Thanks to his talent as a landscape painter, he created settings using simple lines, and giving great expressivity with the colors – delicate colors to represent the spring, lifeless colors for the autumn, strong shades of red and black for dramatic scenes.
He spent two years drawing the illustrations for Bambi. Mr Canemaker, author of the book Before the Animation Begins: the Art and Lines of Disney Inspirational Sketches Artists, wrote:
“Tyrus was the designer, the person they went to when they had questions about the color, about how to lay something out. He even influenced the music and the special effects: just by the look of the drawings, he inspired people”.
The war, the fall and the belated recognition
Everything vanished with the war. In 1940, there was no more time for art, Disney Studios was hit by a terrible crisis and, after a big strike, many employees were fired. Tyrus was one of them, and his important contribution to the movie was quickly forgotten. After the Japanese attack on Pearl Harbor in 1941, racial discrimination was really strong, and Tyrus began to wear a lapel button proclaiming his heritage, lest an angry American beat him up on the street.
After the war, he worked for Hallmark, designing Christmas cards, and painting decorative motifs on dinnerware. He also worked as illustrator for the Warner Brothers, drawing set designs and storyboards for several movies. After his retirement, he started to design and build kites, interrupting this activity only to care for his wife Ruth, who was ill with dementia, until her death in 1995.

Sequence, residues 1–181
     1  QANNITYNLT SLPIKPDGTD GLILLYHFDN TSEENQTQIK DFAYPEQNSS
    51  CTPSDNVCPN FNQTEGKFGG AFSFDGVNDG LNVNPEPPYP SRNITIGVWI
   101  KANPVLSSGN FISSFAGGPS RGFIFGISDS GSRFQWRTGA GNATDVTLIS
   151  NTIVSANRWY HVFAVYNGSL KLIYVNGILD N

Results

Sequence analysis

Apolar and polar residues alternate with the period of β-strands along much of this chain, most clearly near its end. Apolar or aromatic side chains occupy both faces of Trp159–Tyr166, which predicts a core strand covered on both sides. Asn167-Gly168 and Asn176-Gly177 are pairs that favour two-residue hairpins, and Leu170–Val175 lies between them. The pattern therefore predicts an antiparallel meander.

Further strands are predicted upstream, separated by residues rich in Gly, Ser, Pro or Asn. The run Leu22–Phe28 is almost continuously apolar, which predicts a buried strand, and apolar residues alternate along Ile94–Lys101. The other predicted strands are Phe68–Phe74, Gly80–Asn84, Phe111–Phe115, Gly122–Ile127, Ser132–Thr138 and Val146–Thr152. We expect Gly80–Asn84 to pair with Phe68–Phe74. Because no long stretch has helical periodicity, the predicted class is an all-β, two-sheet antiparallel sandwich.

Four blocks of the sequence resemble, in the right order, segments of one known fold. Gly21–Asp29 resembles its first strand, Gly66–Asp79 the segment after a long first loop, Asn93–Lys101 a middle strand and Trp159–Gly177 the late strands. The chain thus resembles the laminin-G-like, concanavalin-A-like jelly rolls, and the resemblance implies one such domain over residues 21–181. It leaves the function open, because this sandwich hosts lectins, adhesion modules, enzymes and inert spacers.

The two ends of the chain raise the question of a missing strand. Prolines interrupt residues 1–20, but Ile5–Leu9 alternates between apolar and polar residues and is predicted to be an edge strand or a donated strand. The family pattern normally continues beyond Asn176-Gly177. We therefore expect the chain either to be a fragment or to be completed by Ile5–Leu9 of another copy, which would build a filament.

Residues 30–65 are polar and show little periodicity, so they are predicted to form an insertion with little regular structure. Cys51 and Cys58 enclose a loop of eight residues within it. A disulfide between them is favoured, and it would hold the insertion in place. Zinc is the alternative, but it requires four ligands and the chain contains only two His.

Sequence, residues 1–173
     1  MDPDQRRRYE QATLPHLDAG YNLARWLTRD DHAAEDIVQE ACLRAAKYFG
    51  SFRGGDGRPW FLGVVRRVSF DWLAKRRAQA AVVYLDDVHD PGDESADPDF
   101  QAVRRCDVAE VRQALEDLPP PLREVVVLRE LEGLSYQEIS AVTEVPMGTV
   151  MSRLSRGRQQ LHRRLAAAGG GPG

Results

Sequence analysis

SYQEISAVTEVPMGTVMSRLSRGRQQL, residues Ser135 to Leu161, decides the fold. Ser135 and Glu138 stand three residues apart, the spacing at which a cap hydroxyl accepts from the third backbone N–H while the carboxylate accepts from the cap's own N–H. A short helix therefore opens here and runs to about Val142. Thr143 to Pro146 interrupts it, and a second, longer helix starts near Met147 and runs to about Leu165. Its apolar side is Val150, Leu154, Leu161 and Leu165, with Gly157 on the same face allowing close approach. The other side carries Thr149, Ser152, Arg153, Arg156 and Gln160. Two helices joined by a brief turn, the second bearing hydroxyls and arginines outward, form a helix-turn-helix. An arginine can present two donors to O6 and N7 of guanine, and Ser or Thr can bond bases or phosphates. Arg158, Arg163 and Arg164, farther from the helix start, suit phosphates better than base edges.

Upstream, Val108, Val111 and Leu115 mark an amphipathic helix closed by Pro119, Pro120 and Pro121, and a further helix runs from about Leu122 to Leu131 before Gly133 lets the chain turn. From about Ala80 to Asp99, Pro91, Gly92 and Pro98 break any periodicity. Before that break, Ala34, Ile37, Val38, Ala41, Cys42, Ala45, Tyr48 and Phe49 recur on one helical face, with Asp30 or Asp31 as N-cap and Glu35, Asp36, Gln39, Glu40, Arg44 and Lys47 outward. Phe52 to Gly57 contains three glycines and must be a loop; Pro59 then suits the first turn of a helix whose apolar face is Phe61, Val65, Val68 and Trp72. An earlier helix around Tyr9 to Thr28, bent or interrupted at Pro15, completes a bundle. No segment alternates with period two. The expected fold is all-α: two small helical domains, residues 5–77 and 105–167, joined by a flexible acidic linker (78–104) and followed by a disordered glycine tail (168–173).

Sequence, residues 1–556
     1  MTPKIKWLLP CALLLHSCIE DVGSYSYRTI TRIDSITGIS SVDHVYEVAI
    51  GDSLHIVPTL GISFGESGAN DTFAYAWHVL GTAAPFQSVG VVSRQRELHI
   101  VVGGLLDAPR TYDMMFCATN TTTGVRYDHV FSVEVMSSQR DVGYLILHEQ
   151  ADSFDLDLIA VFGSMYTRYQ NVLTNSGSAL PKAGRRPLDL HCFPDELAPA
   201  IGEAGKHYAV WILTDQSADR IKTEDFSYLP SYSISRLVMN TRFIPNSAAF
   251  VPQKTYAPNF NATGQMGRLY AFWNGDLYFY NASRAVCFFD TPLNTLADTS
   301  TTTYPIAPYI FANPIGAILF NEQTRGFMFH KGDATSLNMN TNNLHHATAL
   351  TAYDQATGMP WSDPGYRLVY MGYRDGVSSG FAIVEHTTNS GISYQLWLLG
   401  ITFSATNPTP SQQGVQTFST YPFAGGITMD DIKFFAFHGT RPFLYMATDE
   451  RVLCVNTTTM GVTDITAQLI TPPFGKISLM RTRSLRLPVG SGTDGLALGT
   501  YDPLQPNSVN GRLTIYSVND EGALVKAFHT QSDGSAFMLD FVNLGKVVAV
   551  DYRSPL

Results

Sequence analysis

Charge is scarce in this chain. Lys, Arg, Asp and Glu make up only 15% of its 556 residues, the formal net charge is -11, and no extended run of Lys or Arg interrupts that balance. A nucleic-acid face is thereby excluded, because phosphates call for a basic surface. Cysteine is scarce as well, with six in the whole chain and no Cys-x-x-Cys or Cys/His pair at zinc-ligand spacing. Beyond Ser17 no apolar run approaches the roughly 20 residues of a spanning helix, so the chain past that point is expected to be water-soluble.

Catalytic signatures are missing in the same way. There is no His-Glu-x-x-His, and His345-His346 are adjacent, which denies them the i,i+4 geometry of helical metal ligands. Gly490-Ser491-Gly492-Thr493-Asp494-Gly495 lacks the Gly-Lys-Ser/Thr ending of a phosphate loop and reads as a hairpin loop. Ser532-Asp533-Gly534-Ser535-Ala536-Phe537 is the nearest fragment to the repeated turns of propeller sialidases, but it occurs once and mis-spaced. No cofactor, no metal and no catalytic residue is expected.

Recognition for his work arrived after many decades, in the latest years of his life.
In 2001, he received the Disney Legend Award for outstanding contributions, and in 2003 a retrospective of his work was curated for the inaugural exhibition at the Chinese American Museum in Los Angeles. In 2015, Pamela Tom directed the documentary Tyrus, examining his life and work.
Tyrus Wong died on December 30, 2016, at the age of 106.
With his work for Bambi, he deeply changed the visual style of Disney animation, creating something completely new. Despite this, as a Chinese immigrant, his life was marked by discrimination and suffering. Maybe, in a more tolerant society, his contribution would have been more evident and recognized. For this reason, the recognition of his talent should also be an opportunity for American artists and scholars, as well as ordinary people, to revisit their perception of US culture, to understand that a fair and open society is essential to create the conditions for the realization of the free expression of human individuality and the “Liberty and the pursuit of Happiness” claimed in the Declaration of Independence.
The hand, the wand and the star that characterize the statue of the Disney Legend Award represent the union between imagination and personal skills; a harmony that has the power to turn dreams into reality. Tyrus Wong’s story shows how art and the passion of a man can inspire us to improve the society and the reality in which we live.